The workshop teacher, Eddie Cleere from Durrow, Co Laois, is an experienced teacher who regularly holds popular workshops in Germany and Switzerland. His workshops in Ireland are a rare treat and six sets joined him for the day. Eddie began with a review of steps, beginning with polkas and returned to them regularly, covering jigs, reels and hornpipes by the end of the day. He had everyone dancing in a circle practicing the steps to moves from well known sets like the Caledonian and Cashel. Most of the time was spent on the Skibbereen set in the morning and the Labasheeda in the afternoon. We learned details in some of them which were different to the usual, danced most of the figures twice and repeated them in full at least once. There was plenty of dancing!
All six members of the Templehouse Ceili Band were in place tonight and a great crowd of twelve sets was there to greet them. Everyone fitted perfectly on the floor and the energetic music gave us all brilliant enjoyment.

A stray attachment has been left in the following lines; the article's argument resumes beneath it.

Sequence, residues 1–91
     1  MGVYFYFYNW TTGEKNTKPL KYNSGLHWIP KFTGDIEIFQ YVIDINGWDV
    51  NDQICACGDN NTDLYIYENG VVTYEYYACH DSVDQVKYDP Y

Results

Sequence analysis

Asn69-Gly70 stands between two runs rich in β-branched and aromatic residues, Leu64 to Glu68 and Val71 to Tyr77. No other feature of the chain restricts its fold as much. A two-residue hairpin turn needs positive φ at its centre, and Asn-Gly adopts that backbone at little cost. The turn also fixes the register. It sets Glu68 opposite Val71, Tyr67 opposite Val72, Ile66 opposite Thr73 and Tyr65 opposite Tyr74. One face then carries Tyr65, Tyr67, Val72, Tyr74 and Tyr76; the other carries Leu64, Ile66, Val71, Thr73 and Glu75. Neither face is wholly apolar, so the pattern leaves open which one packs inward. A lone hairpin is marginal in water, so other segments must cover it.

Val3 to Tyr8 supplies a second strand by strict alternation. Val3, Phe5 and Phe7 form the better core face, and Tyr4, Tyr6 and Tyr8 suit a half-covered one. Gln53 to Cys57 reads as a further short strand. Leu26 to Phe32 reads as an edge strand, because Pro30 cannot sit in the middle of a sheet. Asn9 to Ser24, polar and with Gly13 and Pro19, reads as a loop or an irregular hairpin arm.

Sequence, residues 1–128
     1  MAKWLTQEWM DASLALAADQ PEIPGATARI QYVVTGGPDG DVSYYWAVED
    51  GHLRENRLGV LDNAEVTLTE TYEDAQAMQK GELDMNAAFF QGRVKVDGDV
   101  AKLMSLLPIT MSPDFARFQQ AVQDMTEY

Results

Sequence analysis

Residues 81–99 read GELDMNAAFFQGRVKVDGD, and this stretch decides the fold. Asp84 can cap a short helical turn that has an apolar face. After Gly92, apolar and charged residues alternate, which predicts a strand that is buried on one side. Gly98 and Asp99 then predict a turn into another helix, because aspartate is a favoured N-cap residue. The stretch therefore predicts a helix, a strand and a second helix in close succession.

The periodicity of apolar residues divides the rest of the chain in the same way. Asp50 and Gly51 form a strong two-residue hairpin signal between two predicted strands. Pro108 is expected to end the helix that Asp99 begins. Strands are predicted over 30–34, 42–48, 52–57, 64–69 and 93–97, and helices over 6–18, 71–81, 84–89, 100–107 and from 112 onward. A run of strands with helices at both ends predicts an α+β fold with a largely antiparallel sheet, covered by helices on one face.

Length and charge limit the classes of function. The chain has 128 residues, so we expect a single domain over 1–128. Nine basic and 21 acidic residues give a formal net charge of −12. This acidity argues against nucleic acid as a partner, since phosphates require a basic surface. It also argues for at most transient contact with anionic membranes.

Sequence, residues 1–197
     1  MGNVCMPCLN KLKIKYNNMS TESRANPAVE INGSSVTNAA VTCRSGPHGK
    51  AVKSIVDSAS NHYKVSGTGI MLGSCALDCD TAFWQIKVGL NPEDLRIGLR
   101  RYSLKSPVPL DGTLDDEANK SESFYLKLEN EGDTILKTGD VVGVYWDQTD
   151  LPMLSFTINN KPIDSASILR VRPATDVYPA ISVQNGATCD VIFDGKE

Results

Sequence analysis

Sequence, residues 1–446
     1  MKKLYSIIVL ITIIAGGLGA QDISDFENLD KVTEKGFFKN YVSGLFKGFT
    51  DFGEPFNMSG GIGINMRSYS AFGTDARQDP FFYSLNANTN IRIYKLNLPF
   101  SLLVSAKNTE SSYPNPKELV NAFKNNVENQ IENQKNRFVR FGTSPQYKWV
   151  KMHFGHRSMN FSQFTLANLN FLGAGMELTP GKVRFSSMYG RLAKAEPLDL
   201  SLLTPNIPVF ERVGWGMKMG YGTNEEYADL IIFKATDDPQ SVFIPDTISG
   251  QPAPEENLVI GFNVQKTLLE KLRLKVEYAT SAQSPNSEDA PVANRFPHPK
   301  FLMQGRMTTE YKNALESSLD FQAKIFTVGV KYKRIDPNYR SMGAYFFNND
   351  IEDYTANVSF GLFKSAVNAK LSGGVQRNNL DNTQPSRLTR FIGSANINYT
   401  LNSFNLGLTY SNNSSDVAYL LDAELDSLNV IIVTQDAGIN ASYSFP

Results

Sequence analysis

Eddie returned on Sunday morning to give us a taste of the Kilkenny Lancers Set, which isn't often taught. He taught three of the eight figures, beginning with the hornpipe. This is where each gent takes it in turn to dance with each lady, and when he changes partners, does a double and throws each lady into the arms of a waiting gent. I've seen a demonstration team from Kilkenny make a very impressive show of this where the ladies are propelled with surprising force. I've long wanted to try it myself and it was great fun even if I was very careful with my ladies. We also danced the jig and a polka figure. Afterward Eddie taught more steps and we practiced them by dancing figures from a number of different sets.
The highlight of the weekend was an appearance by the Tulla Ceili Band. It's a rare occasion when they play outside of Clare and Galway and the significance of the event wasn't lost on the dancers who came out in huge numbers. The Tulla can always be relied on to make fabulous music and with today's crowd they excelled themselves. I estimated around twenty sets were on the floor, with many more dancers happily listening from the sidelines. We were crushed on the floor but couldn't resist going back for more. I particularly enjoyed the waltz, especially when J J Conway sang a few rousing songs with everyone joining in.